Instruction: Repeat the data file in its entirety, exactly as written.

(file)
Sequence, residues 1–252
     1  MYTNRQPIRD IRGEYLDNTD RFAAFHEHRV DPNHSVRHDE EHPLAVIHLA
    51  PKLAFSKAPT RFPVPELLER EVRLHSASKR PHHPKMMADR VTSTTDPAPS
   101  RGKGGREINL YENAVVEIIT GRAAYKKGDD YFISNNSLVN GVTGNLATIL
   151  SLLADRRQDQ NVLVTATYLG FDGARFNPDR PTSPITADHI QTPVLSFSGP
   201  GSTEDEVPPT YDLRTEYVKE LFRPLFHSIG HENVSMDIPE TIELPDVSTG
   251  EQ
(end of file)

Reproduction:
Sequence, residues 1–252
     1  MYTNRQPIRD IRGEYLDNTD RFAAFHEHRV DPNHSVRHDE EHPLAVIHLA
    51  PKLAFSKAPT RFPVPELLER EVRLHSASKR PHHPKMMADR VTSTTDPAPS
   101  RGKGGREINL YENAVVEIIT GRAAYKKGDD YFISNNSLVN GVTGNLATIL
   151  SLLADRRQDQ NVLVTATYLG FDGARFNPDR PTSPITADHI QTPVLSFSGP
   201  GSTEDEVPPT YDLRTEYVKE LFRPLFHSIG HENVSMDIPE TIELPDVSTG
   251  EQ